Golden Retriever provides courtroom comfort for trauma victims
By Brian PJ Cronin
Employees of the Dutchess County district attorney’s office often work long hours, but only one of them is allowed to sleep on the floor.
That employee is Bosch, a service dog purchased by the DA’s office in 2015 using funds forfeited in criminal-court proceedings. His wagging tail and slobbering tongue belie the important duty he’s been assigned: to comfort the most vulnerable people in the courtroom.
The practice of using service dogs in court is fairly new, but for Bosch it’s part of the family business. His great-grandmother Rosie, named in honor of Rosa Parks, made headlines in 2011 when she became the first service dog in the state to accompany a minor to the witness stand. In that case, Rosie sat silently at the feet of a 15-year-old testifying at the Dutchess County Courthouse after her father raped and impregnated her. As part of Rosie’s training, the Golden Retriever could sense when the girl was under particular emotional stress and snuggle up to her.
“When Rosie was on the witness stand, she was extremely well-behaved,” recalls Kristine Whelan, chief of the Dutchess County Special Victims Bureau. “She didn’t bark or jump up. That’s how she and Bosch were trained, for that purpose. She was very unobtrusive.”
Rosie’s turn on the stand resulted in a conviction but also controversy: The defense attorneys charged in their appeal that Rosie unfairly engendered sympathy toward the girl, swaying the jury. The appeal was unsuccessful, which helped to not only build precedence for the use of service dogs in court but acceptance of the idea as well, as the judge noted that having Rosie on the stand was no different than a 1994 case in New York State in which a child witness was permitted to bring a teddy bear.
“We’re about seeking the truth,” Whelan says. “If a child is unable, due to fear or trauma, to articulate what happened to them, how is that seeking justice? How is that finding the truth? So I feel very strongly that whatever we can do for victims to make the process easier, for them to be able to tell what happened, then that’s what we should do.”
Bosch hasn’t been on the witness stand yet but has appeared in court twice: To accompany a victim at a sentencing hearing and once when a victim watched the proceedings. Even when Bosch is not in court, he helps out at the office to comfort victims preparing to testify. Although state law only allows service dogs to accompany minors to the witness stand (a law Whelan would like the see changed), Bosch works with victims of all ages at the office.
“Any time we can make victims more comfortable with the process it’s obviously a huge benefit for us and for them,” Whelan explains. “Even the idea of coming to the district attorney’s office is, for some victims, quite traumatic. Bosch does what he was trained to do: comfort them, and help them through difficult situations by being there for them, to pet or hug. Some of the kids get down on the floor and play with him.”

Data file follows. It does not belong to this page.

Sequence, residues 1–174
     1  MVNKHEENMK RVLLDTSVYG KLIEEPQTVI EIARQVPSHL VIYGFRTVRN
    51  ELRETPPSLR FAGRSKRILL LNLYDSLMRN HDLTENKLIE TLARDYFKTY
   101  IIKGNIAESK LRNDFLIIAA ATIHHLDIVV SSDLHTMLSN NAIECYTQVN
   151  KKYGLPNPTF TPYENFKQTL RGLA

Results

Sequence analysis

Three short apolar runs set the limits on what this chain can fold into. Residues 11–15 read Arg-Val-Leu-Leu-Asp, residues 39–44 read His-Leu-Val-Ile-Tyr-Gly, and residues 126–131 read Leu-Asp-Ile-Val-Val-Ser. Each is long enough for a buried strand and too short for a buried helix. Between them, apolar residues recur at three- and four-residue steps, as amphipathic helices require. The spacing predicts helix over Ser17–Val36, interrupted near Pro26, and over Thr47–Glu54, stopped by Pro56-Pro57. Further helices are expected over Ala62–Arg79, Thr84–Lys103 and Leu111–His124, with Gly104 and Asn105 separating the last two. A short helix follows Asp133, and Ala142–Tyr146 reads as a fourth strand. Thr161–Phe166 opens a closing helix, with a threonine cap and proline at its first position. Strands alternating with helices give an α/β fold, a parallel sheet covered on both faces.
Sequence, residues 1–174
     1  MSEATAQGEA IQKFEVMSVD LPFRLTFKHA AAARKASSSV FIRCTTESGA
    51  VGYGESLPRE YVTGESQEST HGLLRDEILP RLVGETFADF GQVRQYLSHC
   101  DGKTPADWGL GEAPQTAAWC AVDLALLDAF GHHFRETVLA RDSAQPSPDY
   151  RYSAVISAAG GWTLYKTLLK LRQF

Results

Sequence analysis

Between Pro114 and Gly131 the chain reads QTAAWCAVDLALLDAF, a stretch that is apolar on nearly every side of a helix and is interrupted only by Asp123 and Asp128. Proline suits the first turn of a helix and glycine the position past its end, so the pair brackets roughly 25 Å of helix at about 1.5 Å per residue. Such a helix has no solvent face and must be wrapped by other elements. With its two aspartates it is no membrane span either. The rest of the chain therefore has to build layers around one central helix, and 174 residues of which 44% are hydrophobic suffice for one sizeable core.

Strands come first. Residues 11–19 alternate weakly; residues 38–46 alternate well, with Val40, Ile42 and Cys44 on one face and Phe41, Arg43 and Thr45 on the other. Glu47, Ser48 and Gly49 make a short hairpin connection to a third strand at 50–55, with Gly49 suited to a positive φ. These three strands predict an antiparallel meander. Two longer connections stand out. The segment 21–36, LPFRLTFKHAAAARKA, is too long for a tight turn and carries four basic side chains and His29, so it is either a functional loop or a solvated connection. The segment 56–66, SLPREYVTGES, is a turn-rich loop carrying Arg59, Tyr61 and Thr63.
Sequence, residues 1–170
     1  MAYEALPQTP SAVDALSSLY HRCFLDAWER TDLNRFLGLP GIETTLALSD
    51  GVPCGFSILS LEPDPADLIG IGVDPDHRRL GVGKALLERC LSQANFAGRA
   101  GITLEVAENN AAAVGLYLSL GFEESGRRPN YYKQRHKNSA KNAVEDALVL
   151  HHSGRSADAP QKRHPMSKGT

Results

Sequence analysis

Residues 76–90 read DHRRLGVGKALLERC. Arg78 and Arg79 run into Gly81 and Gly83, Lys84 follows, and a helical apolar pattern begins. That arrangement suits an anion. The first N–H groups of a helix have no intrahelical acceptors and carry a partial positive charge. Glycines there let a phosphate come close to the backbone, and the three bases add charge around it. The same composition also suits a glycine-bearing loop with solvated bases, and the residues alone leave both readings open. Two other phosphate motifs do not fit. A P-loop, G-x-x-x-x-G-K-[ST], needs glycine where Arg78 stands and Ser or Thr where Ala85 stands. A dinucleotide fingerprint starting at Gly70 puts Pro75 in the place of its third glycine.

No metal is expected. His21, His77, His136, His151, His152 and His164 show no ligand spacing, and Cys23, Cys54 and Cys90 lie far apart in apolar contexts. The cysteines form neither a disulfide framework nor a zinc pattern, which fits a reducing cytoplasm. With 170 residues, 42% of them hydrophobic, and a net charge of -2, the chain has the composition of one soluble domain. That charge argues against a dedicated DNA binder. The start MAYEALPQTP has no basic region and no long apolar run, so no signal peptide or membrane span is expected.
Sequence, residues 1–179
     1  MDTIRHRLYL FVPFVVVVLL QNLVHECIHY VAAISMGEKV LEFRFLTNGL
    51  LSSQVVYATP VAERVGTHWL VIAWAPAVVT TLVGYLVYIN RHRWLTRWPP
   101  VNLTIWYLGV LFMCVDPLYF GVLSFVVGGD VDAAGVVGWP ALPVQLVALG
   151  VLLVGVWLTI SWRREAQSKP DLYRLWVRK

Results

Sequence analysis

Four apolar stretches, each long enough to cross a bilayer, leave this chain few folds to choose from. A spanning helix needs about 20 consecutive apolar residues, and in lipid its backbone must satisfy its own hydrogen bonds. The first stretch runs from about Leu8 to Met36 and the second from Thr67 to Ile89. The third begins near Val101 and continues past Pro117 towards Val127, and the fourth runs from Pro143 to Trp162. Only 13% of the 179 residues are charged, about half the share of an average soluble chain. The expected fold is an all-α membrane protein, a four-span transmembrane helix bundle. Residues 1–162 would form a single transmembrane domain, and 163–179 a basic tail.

On days when Bosch isn’t needed, he is picked up by Kathy Peluso, coordinator of training and outreach for Family Services to assist with trauma counseling at its Poughkeepsie office.
“We love having him here,” says Peluso as Bosch curled up at my feet. “And you see how he’s sitting there with you, looking up at you? He’s assuming because you’re sitting here talking to me that you’re a client.”
Both Bosch and Rosie were trained by Educated Canines Assisting with Disabilities, an organization based in Connecticut. Although he can understand some 80 commands, the retriever’s most impressive skill is the ability to sense changes in a person’s emotions, even in a crowded room.
Peluso said Bosch once accompanied a Family Services therapist to a college where the therapist was giving a presentation on sexual assault and domestic violence. During the lecture a student who was a trauma survivor became upset and left the room, unnoticed by everyone except Bosch, who walked over to the door. When she returned, she found Bosch waiting for her. He walked her back to her seat and stayed with her for the remainder of the lecture.
Both Bosch and his handlers at the district attorney’s office and Family Services must be recertified each year, a test that culminates with Bosch being walked through the Poughkeepsie Galleria to see if he can remain focused.
Bosch, who will turn four on Christmas Day, responds to commands as long as he’s wearing his green service jacket. When the jacket comes off, such as when he goes home with one of the assistant district attorneys at the end of the day or during lunch, the change is dramatic.
“I’ll show you,” says Peluso, carefully removing the dog’s jacket. Bosch stands up, walks to the center of the room and lies down with his eyes closed. “He’s relaxing now,” Peluso explains. “He knows he’s not working.”
Actually the dog would be a “therapy” or “emotional support” animal. A service animal or service dog is trained to perform a specific task for a person with a disability according to the Americans with Disabilities Act. A therapy or ESA is a great idea for a courtroom. However, there is a lot of false information about service animals and a dog used in court for various individuals is not a service dog.